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Am J Clin Nutr. 1991 Nov;54(5):930-5.

Meat consumption and its associations with other diet and health factors in young adults: the CARDIA study.

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University of Utah Medical School, Salt Lake City 84132.

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  • Am J Clin Nutr 1992 Jan;55(1):iv.


Using cross-sectional data from the longitudinal Coronary Artery Risk Development in Young Adults (CARDIA) study, we assessed associations between meat consumption and other dietary- and health-status indicators. Less than one percent of this sample (n = 32) ate no red meat or poultry, and another 1% (n = 47) ate red meat or poultry less than once per week. Individuals who ate red meat and poultry less than once per week were less likely to drink alcohol (P = 0.003); reported more physical activity (P less than or equal to 0.001); had lower [corrected] Keys scores (P less than or equal to 0.001); consumed diets higher in carbohydrates, starch, fiber, vitamins A and C, and calcium and lower in energy, fat, and protein (P less than or equal to 0.001); had smaller body sizes as indicated by the body mass index [calculated as wt(kg)/ht(m2)] (P = 0.01); and had lower concentrations of total serum cholesterol (P = 0.001), low-density-lipoprotein cholesterol (P = 0.001), and triglycerides (P = 0.015) compared with individuals who consumed meat more frequently.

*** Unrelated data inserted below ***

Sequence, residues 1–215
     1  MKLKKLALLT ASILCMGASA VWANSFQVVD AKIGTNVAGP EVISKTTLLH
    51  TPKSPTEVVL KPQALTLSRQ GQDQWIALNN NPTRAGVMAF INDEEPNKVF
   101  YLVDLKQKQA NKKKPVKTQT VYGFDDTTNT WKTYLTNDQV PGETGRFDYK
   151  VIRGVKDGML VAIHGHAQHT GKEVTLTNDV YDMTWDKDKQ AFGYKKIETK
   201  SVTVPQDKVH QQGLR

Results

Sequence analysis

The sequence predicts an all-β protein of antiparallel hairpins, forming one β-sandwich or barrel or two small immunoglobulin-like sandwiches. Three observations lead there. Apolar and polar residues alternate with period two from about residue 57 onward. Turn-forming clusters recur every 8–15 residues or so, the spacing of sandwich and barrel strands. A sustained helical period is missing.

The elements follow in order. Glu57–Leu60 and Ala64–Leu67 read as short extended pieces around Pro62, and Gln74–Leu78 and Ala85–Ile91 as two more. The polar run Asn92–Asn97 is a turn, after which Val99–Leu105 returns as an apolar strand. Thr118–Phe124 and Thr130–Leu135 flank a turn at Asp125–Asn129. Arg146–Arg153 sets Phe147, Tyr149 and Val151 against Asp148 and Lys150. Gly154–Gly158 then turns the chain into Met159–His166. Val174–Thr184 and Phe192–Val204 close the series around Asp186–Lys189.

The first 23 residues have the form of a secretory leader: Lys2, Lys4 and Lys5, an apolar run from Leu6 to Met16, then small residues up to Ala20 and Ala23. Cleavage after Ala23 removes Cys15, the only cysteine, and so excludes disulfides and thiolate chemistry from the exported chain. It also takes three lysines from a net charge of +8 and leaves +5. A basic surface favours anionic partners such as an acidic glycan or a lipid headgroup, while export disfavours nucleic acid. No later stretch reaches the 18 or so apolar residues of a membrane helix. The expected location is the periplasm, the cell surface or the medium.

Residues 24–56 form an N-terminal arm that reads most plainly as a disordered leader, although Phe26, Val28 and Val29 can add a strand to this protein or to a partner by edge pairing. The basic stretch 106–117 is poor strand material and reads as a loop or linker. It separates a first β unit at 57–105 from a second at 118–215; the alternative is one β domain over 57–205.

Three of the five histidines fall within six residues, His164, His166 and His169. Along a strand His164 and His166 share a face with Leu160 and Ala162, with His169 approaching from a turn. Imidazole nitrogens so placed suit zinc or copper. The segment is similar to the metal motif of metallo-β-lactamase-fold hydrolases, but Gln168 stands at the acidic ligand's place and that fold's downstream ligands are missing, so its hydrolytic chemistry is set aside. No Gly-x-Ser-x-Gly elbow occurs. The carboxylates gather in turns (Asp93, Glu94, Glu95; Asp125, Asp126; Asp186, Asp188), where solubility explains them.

[Indexed for MEDLINE]

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